Actress and model Megan Fox announced that she is removing her famous tattoo of Marilyn Monroe from her right forearm.
Fox initially got the tattoo because she claimed to identify with the tragic actress because they both suffered from bipolar disorder. In addition, Fox said the tattoo served as a daily reminder to avoid Marilyn’s mistakes.
Now, she just sees it as a negative reminder of someone she no longer views as a good role model. Fox recently told reporters, “She was a negative person, she was disturbed, bipolar. I do not want to attract this kind of negative energy in my life.”
Fox will not be completely ink-free. She has nine other tattoos including husband Brian’s name etched on her lower abdomen, a tribal piece on her wrist and three quotes on her back and ribcage.
While removing a tattoo is not necessarily a bad thing, Fox’s reasons for doing so have caused some controversy.
Human rights for those suffering from mental illnesses have come a long way, but there are still many misconceptions and stigmas. Several studies conducted by reputable organizations like the American Psychological Association (APA) and the National Institutes of Health (NIH) have found that Americans still tend to view mental disorders as shameful and blame the affected individual. These biased beliefs continue even after the public has been informed that there are biological reasons for mental illnesses.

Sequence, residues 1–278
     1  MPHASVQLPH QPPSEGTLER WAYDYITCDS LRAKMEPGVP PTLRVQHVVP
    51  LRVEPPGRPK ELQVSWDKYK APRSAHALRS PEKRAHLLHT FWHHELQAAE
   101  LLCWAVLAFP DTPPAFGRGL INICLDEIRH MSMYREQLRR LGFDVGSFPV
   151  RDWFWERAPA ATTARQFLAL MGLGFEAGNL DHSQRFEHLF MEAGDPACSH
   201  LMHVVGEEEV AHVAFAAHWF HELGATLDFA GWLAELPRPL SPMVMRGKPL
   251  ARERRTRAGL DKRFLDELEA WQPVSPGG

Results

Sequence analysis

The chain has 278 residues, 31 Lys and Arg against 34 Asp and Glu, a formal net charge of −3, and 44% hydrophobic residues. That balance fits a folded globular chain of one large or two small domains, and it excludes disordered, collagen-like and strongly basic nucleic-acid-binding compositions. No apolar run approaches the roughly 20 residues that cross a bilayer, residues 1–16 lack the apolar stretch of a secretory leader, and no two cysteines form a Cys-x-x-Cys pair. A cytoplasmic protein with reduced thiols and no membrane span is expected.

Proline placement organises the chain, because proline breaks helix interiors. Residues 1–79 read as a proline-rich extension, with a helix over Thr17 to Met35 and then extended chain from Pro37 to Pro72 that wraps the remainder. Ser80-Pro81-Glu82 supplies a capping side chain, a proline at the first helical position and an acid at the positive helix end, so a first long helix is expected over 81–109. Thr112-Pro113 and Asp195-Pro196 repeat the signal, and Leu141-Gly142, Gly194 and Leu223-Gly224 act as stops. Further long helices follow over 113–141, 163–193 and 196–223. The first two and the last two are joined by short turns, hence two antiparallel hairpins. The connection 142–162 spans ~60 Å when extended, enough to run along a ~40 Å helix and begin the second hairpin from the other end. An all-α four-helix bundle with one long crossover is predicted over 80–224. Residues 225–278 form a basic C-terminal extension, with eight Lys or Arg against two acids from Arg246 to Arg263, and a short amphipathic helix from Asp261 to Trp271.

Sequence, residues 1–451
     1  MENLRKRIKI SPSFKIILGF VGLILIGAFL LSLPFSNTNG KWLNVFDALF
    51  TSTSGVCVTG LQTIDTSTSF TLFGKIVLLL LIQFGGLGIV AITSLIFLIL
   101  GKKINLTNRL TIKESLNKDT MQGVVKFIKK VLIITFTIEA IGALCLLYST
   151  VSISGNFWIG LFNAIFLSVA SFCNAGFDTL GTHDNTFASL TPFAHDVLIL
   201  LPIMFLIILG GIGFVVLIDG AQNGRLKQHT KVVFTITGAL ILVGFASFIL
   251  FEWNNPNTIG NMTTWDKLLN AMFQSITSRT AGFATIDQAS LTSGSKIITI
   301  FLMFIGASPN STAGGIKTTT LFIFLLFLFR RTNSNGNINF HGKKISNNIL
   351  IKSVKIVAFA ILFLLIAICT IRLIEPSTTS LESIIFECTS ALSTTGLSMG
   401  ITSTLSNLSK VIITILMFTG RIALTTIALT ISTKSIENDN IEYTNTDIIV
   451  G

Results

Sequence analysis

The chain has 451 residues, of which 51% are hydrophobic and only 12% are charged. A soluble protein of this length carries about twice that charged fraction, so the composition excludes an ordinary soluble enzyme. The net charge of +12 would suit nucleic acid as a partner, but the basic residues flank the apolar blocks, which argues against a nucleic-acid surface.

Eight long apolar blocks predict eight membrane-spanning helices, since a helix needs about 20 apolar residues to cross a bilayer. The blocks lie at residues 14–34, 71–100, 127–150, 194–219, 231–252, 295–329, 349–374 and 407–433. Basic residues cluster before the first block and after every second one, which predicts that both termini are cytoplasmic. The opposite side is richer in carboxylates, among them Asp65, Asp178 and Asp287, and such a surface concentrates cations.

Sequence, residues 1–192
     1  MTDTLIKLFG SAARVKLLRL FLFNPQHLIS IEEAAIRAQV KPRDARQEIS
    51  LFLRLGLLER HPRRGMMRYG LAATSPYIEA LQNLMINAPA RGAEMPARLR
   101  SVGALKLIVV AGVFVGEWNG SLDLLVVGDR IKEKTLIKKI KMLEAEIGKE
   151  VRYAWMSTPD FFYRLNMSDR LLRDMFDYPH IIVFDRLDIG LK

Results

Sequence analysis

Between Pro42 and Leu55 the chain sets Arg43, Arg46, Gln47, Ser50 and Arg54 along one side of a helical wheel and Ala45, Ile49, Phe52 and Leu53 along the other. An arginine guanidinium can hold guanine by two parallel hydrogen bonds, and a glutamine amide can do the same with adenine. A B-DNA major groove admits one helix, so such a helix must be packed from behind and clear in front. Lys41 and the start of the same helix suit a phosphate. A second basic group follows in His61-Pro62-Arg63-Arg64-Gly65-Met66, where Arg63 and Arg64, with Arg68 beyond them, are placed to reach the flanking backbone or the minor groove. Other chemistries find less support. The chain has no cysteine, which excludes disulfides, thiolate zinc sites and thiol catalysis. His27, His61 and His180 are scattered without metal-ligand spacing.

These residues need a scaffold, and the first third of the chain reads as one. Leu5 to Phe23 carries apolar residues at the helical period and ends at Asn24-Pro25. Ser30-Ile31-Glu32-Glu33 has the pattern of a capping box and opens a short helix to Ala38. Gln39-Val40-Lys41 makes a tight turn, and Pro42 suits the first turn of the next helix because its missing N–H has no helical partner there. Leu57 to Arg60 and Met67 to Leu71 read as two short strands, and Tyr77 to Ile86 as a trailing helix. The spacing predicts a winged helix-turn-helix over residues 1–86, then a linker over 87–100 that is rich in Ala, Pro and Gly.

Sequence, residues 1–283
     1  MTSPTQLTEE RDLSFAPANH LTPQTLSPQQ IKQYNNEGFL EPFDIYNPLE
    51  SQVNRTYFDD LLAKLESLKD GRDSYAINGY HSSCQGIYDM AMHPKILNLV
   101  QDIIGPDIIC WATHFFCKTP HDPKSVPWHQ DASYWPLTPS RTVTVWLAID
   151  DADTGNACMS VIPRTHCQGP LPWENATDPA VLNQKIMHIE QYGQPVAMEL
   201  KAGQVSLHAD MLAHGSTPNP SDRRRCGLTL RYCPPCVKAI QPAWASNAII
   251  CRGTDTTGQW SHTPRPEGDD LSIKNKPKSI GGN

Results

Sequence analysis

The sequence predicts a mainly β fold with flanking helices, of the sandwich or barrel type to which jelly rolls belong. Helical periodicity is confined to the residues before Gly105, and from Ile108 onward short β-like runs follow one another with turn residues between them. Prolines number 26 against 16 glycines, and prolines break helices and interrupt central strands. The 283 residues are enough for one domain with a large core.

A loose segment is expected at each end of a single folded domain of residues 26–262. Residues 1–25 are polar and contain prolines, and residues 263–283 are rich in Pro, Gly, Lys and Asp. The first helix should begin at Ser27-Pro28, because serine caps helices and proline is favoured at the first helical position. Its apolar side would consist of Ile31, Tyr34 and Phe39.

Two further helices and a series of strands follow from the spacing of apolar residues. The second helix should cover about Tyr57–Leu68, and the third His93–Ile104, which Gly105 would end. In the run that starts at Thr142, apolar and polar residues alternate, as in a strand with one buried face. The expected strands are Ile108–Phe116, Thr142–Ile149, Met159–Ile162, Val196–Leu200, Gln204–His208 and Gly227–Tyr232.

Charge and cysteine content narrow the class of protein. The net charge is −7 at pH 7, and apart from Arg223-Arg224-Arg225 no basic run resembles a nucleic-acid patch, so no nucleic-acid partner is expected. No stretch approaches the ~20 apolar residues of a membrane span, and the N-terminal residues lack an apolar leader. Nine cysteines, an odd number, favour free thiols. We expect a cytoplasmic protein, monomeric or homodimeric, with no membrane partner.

The media often propagates these stereotypes when they air stories of mentally disturbed individuals committing crimes.
Celebrities have the power to promote awareness of mental illnesses, which is why Fox’s outspoken intolerance particularly powerful. There are, however, other celebrities who take another approach.
Emmy, Golden Globe and Tony Award winning actress Glenn Close has not only played the part of women with mental illnesses, she is also dedicated to advancing knowledge about the topic. She even wrote an article for the Huffington Post addressing the serious issue of the stigma surrounding diseases of the mind in which she cited personal and professional experiences.
Brooke Shields stood up to Tom Cruise in 2005 when he denounced her use of antidepressants to treat postpartum depression. Shields publicly stated that Cruise’s comments were “dangerous” and served to increase stigma against people suffering from mental disorders.
Hollywood has always had a unique relationship with psychological disorders, both on and off screen.The question is, do they have the power to do more harm than good? Or can they advance knowledge and compassion?
What do you think? How has mental illness affected your life or the life of someone you love?